Fixing the Flash Issue in Chrome

Have you been wondering why sites just show up blank when you try to open them in Chrome? With the development of HTML 5 and the vulnerability of Flash, this has become a real problem.

So what’s the solution?

Click on the favicon in the URL search bar and “allow flash” for that site! Simple fix!

Allow flash in Chrome




Beyond the Edge

I admit it. I feel as if I am struggling to keep up. After 4 weeks of the start of the school year, I am only now beginning to feel as if I can surface for air. My desk is still a mess, there are laptops that need to be assigned, iPads that need formatting and lots of emails and phone calls to return.

I’m sure I’m not alone in this feeling. Every teacher in a traditional model school feels like this as the new year starts. There are new names of staff and students. There are new challenges with curriculum changes, policy changes, room changes. What worked last year either doesn’t work with this year’s group of students or staff, or it just needs to be freshened up to engage the learner.

So, why is it like this every year? Why does it seem particularly more difficult THIS year?

Age is one reason. The older I get, the less energy I feel I have for change. Demands of those above me affect it too. The new software, new hardware, new curriculum, new initiatives, new email, new… just fill in the blank. Change gets harder every year. So why do I feel the need to change what I’m doing or how I’m doing it? Because I am beginning to realize that no matter how much I do, there will always be more to do.

There. I said it. I’m not keeping up. I have been on the cutting edge of things for the last few years. But now I believe I may have gone beyond the edge. Past that point of wanting to know the latest and greatest. Mostly because the technology changes so fast. Probably because I’m realizing that I want to enjoy things outside of work.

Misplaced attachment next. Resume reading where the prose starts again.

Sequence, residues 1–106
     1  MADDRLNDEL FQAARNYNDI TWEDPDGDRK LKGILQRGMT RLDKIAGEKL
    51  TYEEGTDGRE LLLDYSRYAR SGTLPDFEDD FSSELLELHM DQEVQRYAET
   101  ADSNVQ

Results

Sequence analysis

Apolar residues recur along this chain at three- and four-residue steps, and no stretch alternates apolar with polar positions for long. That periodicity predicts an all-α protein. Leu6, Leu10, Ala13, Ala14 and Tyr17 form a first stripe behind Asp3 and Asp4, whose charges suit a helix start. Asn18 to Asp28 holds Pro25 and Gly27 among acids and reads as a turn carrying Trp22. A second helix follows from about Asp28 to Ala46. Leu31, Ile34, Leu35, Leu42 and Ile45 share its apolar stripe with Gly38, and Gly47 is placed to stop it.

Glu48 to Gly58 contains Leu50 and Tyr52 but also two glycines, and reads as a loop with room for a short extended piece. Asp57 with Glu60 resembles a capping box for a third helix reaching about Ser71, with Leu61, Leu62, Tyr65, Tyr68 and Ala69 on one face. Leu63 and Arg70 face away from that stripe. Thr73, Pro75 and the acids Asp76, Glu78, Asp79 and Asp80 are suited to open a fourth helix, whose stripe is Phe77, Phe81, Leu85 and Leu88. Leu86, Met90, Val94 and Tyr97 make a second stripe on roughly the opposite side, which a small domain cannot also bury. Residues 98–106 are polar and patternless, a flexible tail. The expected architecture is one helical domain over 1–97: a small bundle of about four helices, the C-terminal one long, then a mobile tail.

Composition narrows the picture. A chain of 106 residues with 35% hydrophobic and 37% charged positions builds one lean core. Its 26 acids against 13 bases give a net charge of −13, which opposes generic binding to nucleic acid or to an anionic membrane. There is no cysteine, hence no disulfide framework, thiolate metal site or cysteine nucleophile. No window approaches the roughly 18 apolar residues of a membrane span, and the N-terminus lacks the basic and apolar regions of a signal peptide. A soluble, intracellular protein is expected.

So what do I do?

I reinvent myself again. We all need to do that. We need to realize that what might have been important last year is not quite as important this year. Or that what was important then, but was not addressed, has become most important now. Heavy stuff.

I am not going to do less at my job. I’m just not going to take it home quite so much. I’m going to find those things that I used to do that brought me joy while still doing my job well. I’m going to try to multitask less and focus on what matters more. Simple to say, but not so easy to do.

If you’re struggling as I am, take heart that you’re not alone. There is no one final solution for anyone. We are ever evolving and ever reinventing ourselves. Thankfully.

Let me know how you plan to reinvent yourself this year. And most certainly let me know if you have ideas for how I can reinvent myself to be more productive and stay on the right side of the edge!

Is it Teacher Burnout?

“superwoman” by hans van den berg is licensed under CC BY 2.0

While I like to think that I am superhuman and can go on little sleep, work multiple jobs and manage to tend adequately to my family, that just isn’t so. I TRY to make that so. But in reality, I find myself frazzled and stressed. Yes, I believe it might be Teacher Burnout.